Match a Mummy

Word Wednesday: ‘Match a Mummy’

Books Columns Reviews Tabletop Games Word Wednesday

Match a MummyThis Week’s Word Is “Mummy.”

This week, I’m back to reviewing something from art book publisher Laurence King. The publisher makes gorgeous books (I recently reviewed the excellent Spoiler Alert!) and is adding an impressive array of family games to its catalog. With lockdown in its 6th week here in the UK, and home-schooling starting to bite, I’ve been looking for more accessible ways to keep my children entertained whilst also teaching them something. Match a Mummy is one such game.

What is Match a Mummy?

Match a Mummy is a neat small-boxed game made in conjunction with the British Museum. Unsurprisingly, it has an Egyptian theme (A similarly named game, Matcha Mommy, would have a totally different premise). The game is a variant of the children’s classic “pairs,” with cards being laid out face down on the table and players searching for matching pairs.

The pairs in this version of the game are pictures of objects that were significant to the life and culture of Ancient Egypt. More than that, they’re not identical pairs. Instead, they’re pairings that were found together at the time, like, coffin and bald head, door and key, or dancers and a harp. For the more gruesome minded, there’s body organs and canopic jars, and a brain and hook. For historians, there’s hieroglyphics and the Rosetta Stone and, for the geeks, Senet and game players. There are also pairs that feature, Ra, Anubis, and Ammut to help teach about Egyptian mythology.

There are 20 pairs altogether with items that form pairs mounted on the same color background. There are only 5 colors used, so a similar background color does not automatically mean you’ve found a pair. Inside the box, there is also a small booklet that describes the pairs, how they relate, and their significance to Egyptian life. This is the educational bit. Without this booklet, there is no educational text. The cards only have diagrams on them, no text.

The box and cards are made of very good card stock. Like all of Laurence King’s games, this is a premium quality product.

Why Play Match a Mummy?

It’s hard not to refract every review through the lens of lockdown at the moment. We’re in the 6th week of lockdown here, and homeschooling is starting to bite. My kids know I have nowhere to run. School structure is becoming a distant memory, and it’s becoming increasingly difficult to infuse their learning with a  sense of purpose. This week, as tempers fray, we’ve been heading to the games cupboard to try to chill out a little.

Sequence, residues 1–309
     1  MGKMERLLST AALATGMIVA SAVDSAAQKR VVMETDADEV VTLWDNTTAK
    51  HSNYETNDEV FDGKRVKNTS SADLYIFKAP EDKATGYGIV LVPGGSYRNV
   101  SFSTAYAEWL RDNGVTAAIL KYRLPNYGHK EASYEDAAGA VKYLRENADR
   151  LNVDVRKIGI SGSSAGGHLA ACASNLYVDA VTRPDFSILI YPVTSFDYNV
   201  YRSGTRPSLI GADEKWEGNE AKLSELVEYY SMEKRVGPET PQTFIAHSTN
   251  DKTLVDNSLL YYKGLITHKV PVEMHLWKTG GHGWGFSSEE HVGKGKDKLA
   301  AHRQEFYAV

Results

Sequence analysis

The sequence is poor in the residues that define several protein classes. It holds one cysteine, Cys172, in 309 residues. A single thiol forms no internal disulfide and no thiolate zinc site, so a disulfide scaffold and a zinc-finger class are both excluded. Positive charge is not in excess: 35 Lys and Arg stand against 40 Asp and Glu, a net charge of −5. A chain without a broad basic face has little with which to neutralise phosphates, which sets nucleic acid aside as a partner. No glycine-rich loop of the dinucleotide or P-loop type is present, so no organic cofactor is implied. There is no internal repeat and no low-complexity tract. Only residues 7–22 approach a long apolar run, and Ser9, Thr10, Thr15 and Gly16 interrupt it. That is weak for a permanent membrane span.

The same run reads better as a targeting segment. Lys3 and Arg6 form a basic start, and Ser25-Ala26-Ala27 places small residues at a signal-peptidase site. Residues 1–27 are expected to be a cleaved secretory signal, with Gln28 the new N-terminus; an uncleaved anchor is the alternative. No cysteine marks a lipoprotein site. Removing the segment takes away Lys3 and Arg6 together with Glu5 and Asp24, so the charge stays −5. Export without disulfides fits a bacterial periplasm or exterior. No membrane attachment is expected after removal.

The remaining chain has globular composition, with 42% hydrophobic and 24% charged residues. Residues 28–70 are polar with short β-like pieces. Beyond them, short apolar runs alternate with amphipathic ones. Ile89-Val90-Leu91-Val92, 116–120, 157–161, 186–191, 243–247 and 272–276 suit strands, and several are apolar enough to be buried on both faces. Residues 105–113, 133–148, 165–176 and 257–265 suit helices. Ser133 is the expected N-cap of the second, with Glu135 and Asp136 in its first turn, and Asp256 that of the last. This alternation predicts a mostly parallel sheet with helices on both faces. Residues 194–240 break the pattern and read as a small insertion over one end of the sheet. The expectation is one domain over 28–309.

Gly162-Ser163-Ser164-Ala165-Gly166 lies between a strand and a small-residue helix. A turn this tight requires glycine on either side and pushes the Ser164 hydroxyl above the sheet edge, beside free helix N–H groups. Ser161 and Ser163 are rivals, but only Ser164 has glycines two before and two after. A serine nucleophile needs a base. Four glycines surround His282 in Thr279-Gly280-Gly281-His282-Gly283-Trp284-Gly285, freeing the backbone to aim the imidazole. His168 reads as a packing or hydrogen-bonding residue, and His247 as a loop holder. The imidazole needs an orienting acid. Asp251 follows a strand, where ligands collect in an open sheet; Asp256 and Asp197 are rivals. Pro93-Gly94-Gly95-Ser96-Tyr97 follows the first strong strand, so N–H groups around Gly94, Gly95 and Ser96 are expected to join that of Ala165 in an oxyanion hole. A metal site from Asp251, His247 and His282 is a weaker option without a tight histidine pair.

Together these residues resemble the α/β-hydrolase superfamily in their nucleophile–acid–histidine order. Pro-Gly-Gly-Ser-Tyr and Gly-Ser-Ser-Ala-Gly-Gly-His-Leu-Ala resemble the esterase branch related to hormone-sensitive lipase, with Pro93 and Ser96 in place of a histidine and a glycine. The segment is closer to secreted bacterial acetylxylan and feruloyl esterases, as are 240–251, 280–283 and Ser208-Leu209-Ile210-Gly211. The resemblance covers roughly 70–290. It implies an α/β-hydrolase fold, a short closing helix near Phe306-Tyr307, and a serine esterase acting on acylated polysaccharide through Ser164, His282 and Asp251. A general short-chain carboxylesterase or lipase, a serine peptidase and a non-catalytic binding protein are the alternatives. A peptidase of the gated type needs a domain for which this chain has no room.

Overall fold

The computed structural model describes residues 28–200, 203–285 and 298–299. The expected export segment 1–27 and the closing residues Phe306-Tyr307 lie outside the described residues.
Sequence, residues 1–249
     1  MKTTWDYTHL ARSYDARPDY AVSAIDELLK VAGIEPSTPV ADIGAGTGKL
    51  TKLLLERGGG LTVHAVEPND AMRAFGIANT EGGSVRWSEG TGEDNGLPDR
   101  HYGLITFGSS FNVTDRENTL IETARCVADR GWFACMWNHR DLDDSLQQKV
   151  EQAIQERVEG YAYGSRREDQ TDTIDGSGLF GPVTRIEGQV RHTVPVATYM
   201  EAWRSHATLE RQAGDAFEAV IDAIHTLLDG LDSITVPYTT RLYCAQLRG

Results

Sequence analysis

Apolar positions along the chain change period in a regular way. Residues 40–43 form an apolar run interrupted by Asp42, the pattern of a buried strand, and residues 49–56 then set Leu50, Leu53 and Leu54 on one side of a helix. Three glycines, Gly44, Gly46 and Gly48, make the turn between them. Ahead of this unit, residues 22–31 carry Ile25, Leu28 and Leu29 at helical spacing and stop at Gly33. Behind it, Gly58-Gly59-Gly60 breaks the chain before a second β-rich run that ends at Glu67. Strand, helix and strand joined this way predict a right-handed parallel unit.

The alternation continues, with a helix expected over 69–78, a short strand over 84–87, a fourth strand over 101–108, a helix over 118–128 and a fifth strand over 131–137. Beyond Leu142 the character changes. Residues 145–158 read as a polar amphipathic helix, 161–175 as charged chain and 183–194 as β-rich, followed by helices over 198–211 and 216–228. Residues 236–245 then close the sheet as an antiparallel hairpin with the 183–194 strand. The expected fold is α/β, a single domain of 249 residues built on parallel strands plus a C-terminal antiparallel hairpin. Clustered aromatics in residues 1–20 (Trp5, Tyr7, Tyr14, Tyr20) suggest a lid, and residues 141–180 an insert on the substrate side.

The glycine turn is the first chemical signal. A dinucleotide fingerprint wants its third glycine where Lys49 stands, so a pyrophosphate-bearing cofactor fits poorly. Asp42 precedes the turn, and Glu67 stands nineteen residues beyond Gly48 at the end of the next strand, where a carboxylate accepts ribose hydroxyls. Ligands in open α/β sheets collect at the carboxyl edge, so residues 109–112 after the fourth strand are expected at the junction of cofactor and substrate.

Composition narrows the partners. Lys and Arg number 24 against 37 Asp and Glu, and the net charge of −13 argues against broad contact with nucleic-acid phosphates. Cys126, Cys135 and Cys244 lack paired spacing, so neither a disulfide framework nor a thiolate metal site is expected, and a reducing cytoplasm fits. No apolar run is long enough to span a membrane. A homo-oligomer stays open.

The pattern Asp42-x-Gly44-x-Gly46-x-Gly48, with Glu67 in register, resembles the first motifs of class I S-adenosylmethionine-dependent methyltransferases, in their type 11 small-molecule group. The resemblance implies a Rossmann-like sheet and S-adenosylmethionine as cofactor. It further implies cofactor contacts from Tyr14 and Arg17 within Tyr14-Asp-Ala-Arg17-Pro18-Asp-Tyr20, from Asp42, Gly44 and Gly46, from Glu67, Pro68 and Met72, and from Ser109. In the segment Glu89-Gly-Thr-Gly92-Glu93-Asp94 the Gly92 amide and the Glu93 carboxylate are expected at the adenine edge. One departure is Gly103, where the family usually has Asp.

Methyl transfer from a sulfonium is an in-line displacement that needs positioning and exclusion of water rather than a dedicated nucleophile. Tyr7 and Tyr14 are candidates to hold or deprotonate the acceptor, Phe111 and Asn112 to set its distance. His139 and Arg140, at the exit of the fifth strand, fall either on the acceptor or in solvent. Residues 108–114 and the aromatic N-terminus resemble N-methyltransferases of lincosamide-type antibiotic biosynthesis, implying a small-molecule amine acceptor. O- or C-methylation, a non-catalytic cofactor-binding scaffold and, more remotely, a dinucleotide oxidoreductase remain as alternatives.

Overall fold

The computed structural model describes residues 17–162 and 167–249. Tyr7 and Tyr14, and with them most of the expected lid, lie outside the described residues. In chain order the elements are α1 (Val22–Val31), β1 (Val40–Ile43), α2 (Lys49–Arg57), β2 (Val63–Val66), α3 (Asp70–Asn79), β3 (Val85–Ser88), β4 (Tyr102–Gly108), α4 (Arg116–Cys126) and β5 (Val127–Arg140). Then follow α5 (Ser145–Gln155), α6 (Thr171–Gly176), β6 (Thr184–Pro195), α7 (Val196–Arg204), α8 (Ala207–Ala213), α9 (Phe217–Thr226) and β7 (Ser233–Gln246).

This doesn’t necessarily reduce arguments, but it doesn’t involve such heightened stress levels. Match a Mummy falls into a nice category of game, as it’s gently educational. My go-to maths game, City of Zombies, is overtly about math. There’s no getting away from it and my youngest balks at playing.

Match a Mummy

Match a Mummy is fun with easily understandable mechanics. When playing, its educational aspects fade into the background. It exercises memory and cognition but there’s no “learning” required. As you go along, you can talk about the pair found and its role in Egyptian life. If your children want to find out more, then you can jump off into books and internet searches to learn extra information. After all, most children are interested in mummies and brains being pulled out through nostrils.

The game costs $17 (£15) which is perhaps a little over-priced, considering you’re “just” getting a pairs game, but you do get the very best quality components for that money. The illustrations are in keeping with the theme, and the information booklet is interesting and informative. So whilst this might be expensive for a simple game, I think on balance its worth it, especially if you have a child who is interested in Ancient Egypt or you’re trying to teach them something about that period of history.

If you enjoyed this review, do check out my other Word Wednesday reviews.

You can pick up a copy of Match a Mummy from here in the US and here, in the UK.

Disclosure: I received a copy of this game for review.

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